Tokyo's Energy Conservation

Because the disastrous earthquake and tsunami of March 11 triggered a nuclear crisis, people all across Japan have been doing their part in the urgent need to conserve energy. I’ve been in Tokyo for only a couple of days, but the manifestation of this energy conservation was evident as soon as I stepped off the plane at Narita Airport.

The airport was warm. At first I thought I was working up a sweat taking the long walk to customs and retrieving my luggage. When I saw an airport employee swabbing his face with a handkerchief, it hit me: The AC wasn’t running on high.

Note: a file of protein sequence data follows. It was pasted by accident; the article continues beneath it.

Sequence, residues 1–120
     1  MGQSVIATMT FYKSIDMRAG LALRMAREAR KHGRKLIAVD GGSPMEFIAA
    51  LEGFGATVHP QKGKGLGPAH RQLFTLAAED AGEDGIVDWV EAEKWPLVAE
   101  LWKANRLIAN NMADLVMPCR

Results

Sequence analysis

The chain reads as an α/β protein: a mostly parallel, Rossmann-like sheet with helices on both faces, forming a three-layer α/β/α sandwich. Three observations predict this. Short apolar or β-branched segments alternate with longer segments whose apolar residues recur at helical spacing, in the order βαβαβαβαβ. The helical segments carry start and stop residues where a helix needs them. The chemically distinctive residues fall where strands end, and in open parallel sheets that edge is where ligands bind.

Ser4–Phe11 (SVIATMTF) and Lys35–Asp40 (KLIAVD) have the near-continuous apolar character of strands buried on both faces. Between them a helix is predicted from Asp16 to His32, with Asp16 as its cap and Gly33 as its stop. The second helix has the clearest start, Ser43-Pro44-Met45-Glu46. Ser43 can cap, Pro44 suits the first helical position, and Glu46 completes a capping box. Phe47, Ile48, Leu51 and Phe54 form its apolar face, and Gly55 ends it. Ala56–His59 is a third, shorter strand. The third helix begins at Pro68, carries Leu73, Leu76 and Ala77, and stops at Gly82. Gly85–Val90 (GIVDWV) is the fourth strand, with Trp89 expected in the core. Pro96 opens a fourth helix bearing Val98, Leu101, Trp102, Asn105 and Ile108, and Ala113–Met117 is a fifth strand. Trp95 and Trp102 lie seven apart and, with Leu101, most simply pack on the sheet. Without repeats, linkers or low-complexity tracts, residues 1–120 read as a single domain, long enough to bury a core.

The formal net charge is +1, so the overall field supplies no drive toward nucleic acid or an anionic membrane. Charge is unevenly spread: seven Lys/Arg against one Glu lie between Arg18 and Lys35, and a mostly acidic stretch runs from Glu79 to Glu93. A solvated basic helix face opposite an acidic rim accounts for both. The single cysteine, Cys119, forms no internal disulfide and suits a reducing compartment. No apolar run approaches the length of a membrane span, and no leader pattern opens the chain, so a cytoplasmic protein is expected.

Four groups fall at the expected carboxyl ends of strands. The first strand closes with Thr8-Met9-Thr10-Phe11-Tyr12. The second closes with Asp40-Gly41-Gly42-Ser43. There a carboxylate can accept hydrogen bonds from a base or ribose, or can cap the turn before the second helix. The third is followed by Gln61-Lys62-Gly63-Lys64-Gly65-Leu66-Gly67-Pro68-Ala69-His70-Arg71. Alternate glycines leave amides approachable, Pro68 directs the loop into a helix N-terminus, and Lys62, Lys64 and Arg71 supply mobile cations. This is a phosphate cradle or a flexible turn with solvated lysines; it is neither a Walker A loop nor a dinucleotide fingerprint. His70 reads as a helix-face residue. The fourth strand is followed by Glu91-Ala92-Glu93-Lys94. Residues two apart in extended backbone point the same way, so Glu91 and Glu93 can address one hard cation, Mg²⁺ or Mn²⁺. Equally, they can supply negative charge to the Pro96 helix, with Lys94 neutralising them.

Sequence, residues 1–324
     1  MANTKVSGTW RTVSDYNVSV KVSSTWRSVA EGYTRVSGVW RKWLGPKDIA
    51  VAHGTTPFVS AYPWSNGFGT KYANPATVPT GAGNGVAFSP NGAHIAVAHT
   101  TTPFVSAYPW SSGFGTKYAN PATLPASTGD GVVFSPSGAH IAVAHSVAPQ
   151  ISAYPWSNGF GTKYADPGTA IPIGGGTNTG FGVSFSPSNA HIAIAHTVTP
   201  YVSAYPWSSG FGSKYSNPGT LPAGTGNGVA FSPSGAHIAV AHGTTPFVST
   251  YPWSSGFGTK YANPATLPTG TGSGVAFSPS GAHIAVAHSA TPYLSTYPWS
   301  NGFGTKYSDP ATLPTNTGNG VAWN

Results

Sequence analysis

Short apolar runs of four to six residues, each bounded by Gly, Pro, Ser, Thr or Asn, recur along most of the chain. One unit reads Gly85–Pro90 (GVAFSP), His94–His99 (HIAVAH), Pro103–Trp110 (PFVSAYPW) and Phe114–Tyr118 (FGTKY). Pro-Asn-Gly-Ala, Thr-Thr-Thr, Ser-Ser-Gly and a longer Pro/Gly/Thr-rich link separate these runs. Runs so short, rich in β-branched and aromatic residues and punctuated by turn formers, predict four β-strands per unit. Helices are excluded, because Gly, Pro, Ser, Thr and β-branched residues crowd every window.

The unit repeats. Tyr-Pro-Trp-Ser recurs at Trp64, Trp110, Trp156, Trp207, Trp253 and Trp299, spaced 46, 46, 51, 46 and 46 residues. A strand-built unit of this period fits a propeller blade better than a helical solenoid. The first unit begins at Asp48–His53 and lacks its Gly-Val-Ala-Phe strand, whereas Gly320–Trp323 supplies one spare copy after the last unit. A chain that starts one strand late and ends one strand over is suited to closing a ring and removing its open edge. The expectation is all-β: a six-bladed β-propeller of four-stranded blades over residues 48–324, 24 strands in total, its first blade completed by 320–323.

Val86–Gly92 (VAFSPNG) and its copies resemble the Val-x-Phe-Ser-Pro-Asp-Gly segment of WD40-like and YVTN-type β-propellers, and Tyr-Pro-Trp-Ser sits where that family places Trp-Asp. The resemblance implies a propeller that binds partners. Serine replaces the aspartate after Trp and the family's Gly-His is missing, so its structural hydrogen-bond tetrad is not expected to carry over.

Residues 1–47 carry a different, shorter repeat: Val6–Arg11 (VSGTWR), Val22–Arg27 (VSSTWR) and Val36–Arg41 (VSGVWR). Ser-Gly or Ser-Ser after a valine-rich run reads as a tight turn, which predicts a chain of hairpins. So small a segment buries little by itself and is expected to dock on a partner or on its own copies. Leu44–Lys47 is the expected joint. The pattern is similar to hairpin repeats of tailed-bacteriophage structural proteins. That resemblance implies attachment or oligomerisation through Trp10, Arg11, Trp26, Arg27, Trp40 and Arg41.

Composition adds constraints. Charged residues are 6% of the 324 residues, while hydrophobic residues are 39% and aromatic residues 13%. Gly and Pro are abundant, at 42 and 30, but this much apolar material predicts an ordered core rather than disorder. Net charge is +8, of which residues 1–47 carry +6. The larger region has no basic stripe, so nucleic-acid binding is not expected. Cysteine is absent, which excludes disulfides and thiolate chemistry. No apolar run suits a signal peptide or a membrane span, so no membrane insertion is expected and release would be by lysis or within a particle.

My hotel in Tokyo is also in on the act. A note on the vending machine on my floor indicates that since the earthquake, the hotel has been conserving power. As a result, the vending machines on even-numbered floors are not operational. My room is on the 8th floor, so if I want a snack or a beverage, I must go to one of the odd-numbered floors to make my purchase. (I’m pretty sure that’s what the sign says.)

Vending machines such as this are ubiquitous in Japan
The vending machine on the 8th floor of my hotel isn't running in order to conserve electricity
For snacks and otsumami (snacks that go with alcohol), go to floors 7, 9, or 11


I haven’t ventured to the super-neon sections of Shibuya and Shinjuku yet, but I’m curious to see if the bright lights are a little dimmer than usual.